Facts About the Geological Time Scale

The geological time scale (GTS) is a system of chronological measurement that relates stratigraphy to time, and is used by geologists, paleontologists, and other Earth scientists to describe the timing and relationships between events that have occurred throughout Earth’s history.

1-It's not a ruler, it's more like a story: Unlike a ruler with equal units, the Geological Time Scale has uneven periods. Some eras lasted hundreds of millions of years, while others were mere blips in Earth's history.

2-Evidence from radiometric dating indicates that Earth is about 4.54 billion years old. The geology or deep time of Earth’s past has been organized into various units according to events which took place in each period.

3-Different spans of time on the GTS are usually delimited by changes in the composition of strata which correspond to them, indicating major geological or paleontological events, such as mass extinctions. For example, the boundary between the Cretaceous period and the Paleogene period is defined by the Cretaceous–Paleogene extinction event, which marked the demise of the non-avian dinosaurs and many other groups of life. Older time spans which predate the reliable fossil record (before the Proterozoic Eon) are defined by the absolute age.

4-The first serious attempts to formulate a geological time scale that could be applied anywhere on Earth were made in the late 18th century. The most influential of those early attempts (championed by Abraham Werner, among others) divided the rocks of Earth’s crust into four types: Primary, Secondary, Tertiary, and Quaternary.

10 Interesting Facts About the Geological Time Scale
Ray Troll’s creative approach on displaying geologic time is not only super cool, but inspiring.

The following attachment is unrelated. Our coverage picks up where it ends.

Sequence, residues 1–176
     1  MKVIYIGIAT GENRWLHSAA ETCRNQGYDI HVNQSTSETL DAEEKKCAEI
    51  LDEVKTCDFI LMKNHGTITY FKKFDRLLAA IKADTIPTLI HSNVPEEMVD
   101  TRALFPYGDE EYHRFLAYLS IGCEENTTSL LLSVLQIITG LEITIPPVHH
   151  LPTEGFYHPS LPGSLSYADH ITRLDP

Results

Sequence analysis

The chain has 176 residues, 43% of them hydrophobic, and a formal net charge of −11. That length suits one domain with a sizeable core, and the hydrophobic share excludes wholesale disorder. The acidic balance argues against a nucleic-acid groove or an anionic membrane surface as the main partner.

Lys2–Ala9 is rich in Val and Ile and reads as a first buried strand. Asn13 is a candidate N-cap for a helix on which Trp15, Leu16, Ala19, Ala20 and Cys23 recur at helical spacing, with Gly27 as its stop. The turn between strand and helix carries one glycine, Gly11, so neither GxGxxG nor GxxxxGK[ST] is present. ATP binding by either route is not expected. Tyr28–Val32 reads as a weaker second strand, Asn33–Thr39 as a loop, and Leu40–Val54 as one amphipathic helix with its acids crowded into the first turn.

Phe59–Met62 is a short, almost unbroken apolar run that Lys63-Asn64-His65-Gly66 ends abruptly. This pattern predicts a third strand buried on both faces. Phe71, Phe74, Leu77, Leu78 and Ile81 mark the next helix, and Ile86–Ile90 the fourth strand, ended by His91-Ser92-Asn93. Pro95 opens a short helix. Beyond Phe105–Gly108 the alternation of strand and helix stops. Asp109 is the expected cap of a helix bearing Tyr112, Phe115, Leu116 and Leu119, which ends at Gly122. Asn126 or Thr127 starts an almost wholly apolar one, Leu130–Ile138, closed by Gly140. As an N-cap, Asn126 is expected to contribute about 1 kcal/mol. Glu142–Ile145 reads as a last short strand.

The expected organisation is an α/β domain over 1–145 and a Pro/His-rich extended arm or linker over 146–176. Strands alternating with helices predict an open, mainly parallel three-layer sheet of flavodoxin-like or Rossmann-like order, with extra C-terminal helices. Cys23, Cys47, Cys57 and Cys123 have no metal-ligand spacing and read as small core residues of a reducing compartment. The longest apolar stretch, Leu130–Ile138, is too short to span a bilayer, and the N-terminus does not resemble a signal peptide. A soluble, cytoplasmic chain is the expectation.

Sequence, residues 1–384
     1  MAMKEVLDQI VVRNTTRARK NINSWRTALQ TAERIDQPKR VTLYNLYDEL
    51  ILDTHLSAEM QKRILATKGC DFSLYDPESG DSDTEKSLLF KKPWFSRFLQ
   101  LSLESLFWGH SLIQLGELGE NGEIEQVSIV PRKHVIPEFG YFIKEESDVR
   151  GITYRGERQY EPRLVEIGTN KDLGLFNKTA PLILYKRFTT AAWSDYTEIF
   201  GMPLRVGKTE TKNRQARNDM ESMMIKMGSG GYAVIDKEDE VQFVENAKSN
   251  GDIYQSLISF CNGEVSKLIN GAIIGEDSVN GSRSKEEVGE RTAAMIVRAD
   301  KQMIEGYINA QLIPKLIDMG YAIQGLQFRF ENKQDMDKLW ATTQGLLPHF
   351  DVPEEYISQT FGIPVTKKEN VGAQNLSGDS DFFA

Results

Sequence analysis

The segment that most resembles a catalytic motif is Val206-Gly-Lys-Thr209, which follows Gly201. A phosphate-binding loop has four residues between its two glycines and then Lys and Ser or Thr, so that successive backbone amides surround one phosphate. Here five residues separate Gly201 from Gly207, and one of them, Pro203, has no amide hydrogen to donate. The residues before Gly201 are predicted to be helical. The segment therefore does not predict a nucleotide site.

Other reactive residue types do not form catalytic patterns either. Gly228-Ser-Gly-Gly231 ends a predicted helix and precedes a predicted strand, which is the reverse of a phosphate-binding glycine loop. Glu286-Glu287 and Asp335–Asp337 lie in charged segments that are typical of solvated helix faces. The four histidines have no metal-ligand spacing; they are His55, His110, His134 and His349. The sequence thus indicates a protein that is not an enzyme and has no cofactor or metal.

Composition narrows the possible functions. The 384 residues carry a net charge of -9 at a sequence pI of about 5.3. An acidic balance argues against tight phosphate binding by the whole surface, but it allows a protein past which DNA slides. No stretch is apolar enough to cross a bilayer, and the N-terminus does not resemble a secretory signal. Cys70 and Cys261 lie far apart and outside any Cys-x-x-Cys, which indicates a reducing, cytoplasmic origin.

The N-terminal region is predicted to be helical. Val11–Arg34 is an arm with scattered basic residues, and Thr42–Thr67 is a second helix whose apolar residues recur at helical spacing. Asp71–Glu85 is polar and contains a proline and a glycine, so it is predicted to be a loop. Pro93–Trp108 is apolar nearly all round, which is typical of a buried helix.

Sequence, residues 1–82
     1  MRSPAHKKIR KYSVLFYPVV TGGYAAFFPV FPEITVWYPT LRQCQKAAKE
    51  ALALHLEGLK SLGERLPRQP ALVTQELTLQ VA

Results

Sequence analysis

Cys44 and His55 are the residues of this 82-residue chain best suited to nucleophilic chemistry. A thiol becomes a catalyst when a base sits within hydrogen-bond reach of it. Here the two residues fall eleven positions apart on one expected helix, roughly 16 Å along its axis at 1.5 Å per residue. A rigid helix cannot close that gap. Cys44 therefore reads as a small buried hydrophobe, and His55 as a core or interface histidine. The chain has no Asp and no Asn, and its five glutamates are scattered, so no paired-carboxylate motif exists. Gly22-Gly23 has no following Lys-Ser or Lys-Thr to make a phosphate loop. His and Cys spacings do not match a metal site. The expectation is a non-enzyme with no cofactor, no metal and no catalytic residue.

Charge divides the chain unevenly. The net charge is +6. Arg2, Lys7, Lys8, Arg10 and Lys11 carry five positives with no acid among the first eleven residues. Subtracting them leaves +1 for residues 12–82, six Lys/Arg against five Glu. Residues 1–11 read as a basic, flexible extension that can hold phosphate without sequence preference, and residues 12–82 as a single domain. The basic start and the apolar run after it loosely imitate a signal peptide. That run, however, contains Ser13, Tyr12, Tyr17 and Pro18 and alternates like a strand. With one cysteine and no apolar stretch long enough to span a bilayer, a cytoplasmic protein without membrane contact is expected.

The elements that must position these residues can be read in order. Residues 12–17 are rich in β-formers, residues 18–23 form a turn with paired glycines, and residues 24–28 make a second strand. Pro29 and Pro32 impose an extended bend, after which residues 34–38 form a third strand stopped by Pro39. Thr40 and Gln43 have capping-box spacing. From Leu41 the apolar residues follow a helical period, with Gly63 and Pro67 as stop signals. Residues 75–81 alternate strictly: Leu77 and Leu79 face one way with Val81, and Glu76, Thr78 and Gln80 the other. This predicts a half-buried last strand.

5-The first geologic time scale that included absolute dates was published in 1913 by the British geologist Arthur Holmes.

6-Geologists have divided Earth's history into a series of time intervals. These time intervals are not equal in length like the hours in a day. Instead the time intervals are variable in length. This is because geologic time is divided using significant events in the history of the Earth.

7-The largest defined unit of time is the supereon, composed of eons. Eons are divided into eras, which are in turn divided into periods, epochs and ages. The terms "eonothem", "erathem", "system", "series", and "stage" are used to refer to the layers of rock that correspond to these periods of geologic time in Earth's history.

8-Mass Extinctions: Earth has witnessed five major mass extinction events, where a significant portion of life on Earth perished in a relatively short period. The most famous is the Cretaceous-Paleogene extinction event, which wiped out the dinosaurs.

9-The term "Anthropocene" is used informally by popular culture and a growing number of scientists to describe the current epoch in which we are living. The term was coined by Paul Crutzen and Eugene Stoermer in 2000 to describe the current time, in which humans have had an enormous impact on the environment.

10-The Carboniferous is often treated in North America as two geological periods, the earlier Mississippian and the later Pennsylvanian.

11-The Great Unconformity: Imagine a giant gap in Earth's rock record, representing hundreds of millions of years missing. That's the Great Unconformity, a boundary between the Archean and Proterozoic eons where evidence of this lost time is absent.

12-Snowball Earth: Believe it or not, Earth might have been entirely frozen over twice during the Proterozoic eon, in events known as "Snowball Earth." These global glaciations had a profound impact on the evolution of life.

13-The Cambrian Explosion: Life on Earth took a dramatic leap forward around 541 million years ago, during the Cambrian Explosion. This period saw the rapid diversification of multicellular organisms into a vast array of forms. 

14-Continents were once one: Around 200 million years ago, all the continents were joined together in a supercontinent called Pangea. Over time, this supercontinent slowly drifted apart, forming the continents we know today.

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